Engineers believe super-hot gas from burning solid propellant impinged on the structure of the second stage on a European Vega launcher during a failed flight in July, causing the vehicle to break apart minutes after liftoff from French Guiana with a reconnaissance satellite for the United Arab Emirates, the CEO of Italian rocket-maker Avio said Monday.
A Vega rocket fired into orbit Thursday night from French Guiana with Italy’s PRISMA hyperspectral Earth-imaging satellite, commencing a busy period for the Vega launcher program as engineers prepare for the debut of the more powerful Vega-C booster in early 2020 and study a lighter variant to better compete in the growing smallsat launch market.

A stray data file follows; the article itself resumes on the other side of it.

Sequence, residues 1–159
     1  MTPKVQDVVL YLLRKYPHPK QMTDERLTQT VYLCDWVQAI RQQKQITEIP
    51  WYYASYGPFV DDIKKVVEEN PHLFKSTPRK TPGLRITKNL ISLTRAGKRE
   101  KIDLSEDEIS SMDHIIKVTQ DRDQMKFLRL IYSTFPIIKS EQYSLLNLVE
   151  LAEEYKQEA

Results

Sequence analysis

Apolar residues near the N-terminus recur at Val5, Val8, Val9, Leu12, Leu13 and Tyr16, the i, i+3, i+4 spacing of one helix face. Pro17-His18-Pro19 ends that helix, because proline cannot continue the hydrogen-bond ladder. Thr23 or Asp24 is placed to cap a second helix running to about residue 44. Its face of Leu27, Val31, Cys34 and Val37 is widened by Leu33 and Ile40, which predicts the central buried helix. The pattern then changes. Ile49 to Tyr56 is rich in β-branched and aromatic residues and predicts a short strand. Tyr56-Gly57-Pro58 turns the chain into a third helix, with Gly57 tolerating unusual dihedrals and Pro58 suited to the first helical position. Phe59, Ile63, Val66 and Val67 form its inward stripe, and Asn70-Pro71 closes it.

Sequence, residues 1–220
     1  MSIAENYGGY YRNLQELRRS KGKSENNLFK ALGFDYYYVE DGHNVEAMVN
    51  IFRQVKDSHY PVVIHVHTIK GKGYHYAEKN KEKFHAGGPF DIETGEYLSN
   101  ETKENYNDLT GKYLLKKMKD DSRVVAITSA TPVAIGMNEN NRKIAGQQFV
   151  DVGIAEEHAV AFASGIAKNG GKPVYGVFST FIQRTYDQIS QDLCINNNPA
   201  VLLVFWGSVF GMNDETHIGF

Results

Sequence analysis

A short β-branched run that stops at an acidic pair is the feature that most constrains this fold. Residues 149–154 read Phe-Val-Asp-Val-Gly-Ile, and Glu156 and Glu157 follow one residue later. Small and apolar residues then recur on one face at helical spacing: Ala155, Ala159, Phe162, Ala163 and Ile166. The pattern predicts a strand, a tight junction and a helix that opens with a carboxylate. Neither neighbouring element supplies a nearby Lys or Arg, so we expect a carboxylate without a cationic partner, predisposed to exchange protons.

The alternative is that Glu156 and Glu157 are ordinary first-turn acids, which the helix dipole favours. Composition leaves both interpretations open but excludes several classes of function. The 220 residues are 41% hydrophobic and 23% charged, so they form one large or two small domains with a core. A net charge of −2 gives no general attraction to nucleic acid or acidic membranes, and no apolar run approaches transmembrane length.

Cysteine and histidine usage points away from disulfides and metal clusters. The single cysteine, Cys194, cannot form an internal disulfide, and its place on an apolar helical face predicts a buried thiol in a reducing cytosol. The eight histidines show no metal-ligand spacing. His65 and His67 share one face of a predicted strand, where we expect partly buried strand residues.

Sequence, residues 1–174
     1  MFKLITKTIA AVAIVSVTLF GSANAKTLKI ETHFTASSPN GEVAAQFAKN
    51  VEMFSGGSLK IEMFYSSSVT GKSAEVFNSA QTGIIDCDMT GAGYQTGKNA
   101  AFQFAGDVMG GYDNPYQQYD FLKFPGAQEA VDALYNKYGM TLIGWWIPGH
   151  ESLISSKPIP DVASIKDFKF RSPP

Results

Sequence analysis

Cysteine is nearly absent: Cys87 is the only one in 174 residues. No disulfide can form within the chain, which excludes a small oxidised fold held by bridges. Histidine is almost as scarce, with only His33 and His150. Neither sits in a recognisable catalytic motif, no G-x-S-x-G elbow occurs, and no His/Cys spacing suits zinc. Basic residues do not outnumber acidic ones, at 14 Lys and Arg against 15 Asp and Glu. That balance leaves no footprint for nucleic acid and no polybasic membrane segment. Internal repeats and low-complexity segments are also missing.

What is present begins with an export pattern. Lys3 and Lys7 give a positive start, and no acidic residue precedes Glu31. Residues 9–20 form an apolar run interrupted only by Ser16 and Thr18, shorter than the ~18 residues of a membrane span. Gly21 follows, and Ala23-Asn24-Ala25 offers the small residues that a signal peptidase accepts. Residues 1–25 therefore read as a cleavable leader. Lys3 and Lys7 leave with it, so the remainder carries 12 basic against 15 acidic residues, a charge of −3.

Giulio Ranzo is the chief executive of Avio, the Italian company responsible for building the Vega rocket. Ranzo recently spoke with Spaceflight Now about the Vega rocket’s increasing launch rate, the debut of the new Vega C booster in 2020, and future plans to evolve the Vega design to compete with commercial microsatellite launchers.
The future participation of major segments of Britain’s space industry in Europe’s Galileo navigation system and Copernicus environmental network, two multibillion-dollar flagship programs with dozens of satellites, is sure to be a significant part of negotiations as the UK withdraws from the European Union, according to a member of the European Commission.
The Italian government has decided to launch two next-generation radar reconnaissance satellites on Soyuz and Vega rockets from French Guiana, and a European Space Agency telescope to study the structures of planets around other stars will likely ride to orbit as a co-passenger on one of the missions.